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Before he passed away, Mario Bava teamed up with his son to deliver one more for the books, plus pass his torch on.
This is the last film by the late great Italian Horror Maestro, Mario Bava, who teams with son Lamberto to pass on tricks of the family trade. The story opens with Dora (Daria Nicolodi) moving back into the family home with her 6-year-old son Marco (David Colin, Jr.) and new husband, airline pilot Bruno (John Steiner). Dora is a remarried widow who had been recently released from an asylum after having a nervous breakdown brought about by her late junkie husband’s apparent suicide.
I don’t want to give too much away, being that this is the type of film that works best with the audience knowing nothing while the story unfolds. Let’s just say the house starts to have a strange effect on Marco. Of course, no one believes Dora when she says that Marco is acting weird. After all, this six-year-old boy is spying on his mom in the shower, stealing her underwear and feeling her up while she’s asleep. All healthy normal things for a six-year-old adolescent male to do, right? And Dora did just get out of the institute for the very, very nervous, so she may be a tad bit over reactive.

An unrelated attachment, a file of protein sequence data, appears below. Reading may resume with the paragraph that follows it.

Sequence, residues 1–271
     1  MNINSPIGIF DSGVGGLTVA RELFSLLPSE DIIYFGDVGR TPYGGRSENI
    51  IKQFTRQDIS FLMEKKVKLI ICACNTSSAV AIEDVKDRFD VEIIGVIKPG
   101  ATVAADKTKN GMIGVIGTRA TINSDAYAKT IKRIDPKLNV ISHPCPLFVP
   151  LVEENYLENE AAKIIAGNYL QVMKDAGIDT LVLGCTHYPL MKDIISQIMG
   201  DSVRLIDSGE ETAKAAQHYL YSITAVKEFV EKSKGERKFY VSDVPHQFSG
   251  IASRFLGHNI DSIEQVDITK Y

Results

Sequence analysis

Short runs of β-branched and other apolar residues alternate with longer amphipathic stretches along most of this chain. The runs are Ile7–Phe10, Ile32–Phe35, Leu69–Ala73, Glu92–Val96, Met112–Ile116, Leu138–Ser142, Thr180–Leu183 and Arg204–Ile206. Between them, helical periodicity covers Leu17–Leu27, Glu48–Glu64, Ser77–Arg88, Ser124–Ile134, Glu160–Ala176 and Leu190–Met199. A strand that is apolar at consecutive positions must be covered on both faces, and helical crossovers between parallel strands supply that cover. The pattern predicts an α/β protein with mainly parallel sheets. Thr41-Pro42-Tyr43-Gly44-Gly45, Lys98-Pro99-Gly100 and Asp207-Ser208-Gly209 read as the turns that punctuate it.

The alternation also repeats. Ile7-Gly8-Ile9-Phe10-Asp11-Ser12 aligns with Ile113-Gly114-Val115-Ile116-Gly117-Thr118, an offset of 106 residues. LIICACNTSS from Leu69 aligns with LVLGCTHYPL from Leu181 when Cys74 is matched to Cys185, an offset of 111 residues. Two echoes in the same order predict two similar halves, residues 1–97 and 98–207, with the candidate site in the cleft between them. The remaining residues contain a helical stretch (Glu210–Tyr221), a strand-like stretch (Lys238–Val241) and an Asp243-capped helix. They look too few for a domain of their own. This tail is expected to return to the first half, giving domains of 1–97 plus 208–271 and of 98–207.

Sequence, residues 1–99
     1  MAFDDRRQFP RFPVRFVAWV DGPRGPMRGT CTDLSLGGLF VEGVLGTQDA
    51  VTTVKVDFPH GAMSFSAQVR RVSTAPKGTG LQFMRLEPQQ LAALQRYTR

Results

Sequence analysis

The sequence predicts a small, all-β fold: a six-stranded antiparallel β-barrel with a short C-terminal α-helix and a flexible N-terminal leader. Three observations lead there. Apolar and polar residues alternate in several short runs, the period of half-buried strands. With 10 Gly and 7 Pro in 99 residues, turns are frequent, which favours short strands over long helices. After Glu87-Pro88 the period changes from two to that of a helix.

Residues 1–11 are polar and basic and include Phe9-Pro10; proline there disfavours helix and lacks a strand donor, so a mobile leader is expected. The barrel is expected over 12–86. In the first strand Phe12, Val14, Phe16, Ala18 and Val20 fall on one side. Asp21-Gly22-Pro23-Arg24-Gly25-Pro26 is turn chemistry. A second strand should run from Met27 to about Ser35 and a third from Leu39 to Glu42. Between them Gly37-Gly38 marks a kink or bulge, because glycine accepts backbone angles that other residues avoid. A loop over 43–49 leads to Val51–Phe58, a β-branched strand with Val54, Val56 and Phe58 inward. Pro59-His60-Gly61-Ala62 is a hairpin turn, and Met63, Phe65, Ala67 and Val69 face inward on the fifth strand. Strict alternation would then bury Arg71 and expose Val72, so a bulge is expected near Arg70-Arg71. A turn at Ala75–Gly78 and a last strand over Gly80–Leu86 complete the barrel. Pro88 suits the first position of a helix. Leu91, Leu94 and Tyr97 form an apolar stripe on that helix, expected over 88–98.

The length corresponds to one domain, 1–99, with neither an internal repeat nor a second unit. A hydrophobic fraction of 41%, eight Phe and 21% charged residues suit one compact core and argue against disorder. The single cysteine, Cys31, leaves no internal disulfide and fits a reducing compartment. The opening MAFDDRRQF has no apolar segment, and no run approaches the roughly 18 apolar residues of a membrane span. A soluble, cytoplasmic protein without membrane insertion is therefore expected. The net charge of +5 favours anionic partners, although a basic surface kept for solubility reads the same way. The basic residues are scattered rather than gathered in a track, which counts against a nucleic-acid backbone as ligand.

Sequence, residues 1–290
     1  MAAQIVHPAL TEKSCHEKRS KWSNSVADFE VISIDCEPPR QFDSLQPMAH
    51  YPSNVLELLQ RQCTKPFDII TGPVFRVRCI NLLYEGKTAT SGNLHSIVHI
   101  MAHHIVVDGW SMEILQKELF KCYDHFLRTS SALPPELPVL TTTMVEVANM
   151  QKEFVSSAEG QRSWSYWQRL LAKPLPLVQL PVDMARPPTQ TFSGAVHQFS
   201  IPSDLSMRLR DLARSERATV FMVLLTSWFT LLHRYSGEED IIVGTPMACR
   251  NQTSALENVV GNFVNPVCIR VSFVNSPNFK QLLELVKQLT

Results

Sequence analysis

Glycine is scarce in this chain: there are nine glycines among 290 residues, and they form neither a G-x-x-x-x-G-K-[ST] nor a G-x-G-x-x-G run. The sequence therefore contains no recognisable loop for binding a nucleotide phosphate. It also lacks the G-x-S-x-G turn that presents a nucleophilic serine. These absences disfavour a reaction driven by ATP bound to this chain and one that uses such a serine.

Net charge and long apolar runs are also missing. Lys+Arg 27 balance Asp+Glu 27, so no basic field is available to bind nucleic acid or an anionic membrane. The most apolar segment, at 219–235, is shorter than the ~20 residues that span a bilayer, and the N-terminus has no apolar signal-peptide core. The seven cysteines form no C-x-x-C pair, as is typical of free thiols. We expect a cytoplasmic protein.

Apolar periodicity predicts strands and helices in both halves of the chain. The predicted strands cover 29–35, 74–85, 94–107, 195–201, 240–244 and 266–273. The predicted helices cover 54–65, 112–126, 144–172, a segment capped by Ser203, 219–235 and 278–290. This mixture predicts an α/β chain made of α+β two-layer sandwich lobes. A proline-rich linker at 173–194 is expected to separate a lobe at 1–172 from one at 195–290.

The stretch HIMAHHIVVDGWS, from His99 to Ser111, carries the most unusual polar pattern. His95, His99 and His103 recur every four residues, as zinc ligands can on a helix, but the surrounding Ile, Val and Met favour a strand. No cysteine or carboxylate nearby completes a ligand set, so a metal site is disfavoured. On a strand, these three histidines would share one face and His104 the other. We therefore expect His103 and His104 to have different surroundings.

To tell you any more would spoil what I consider to be an excellent, well crafted psychological thriller. However, upon viewing, you will more than likely figure out the story halfway through the film. Even that still makes this one fun to watch. Piecing the clues together, then waiting for the final climax (no pun intended) between mother and son.
Although considered by many to be one of the weakest films by Mario, I found it to be very intriguing. What starts out as an “Oedipus Rex” plot line quickly evolves into supernatural elements with the “Am I going crazy?” character leading the way. I think the problem is many fans compare Shock to Mario’s classics such as Lisa And The Devil and Planet of the Vampires, where truthfully, this film doesn’t hold a candle. However, one must also consider that his son, Lamberto, co-wrote the script and probably directed a good portion of this film under the guidance of his father (Lamberto is credited as assistant director). More importantly, where it really counts, you will know that the suspense scenes are pure Mario Bava creations.
My feeling is that this film was a collaboration between father and son, mentor and pupil, and should not be compared to other works created by Mario alone. Released in the U.S. as Beyond the Door II by the now defunct Film Ventures distribution company, it played in the drive-ins double featured with Dawn of the Dead.
Shock (1977) a.k.a. Beyond the Door II
Director: Mario Bava.
Music by Goblin, credited as Libra.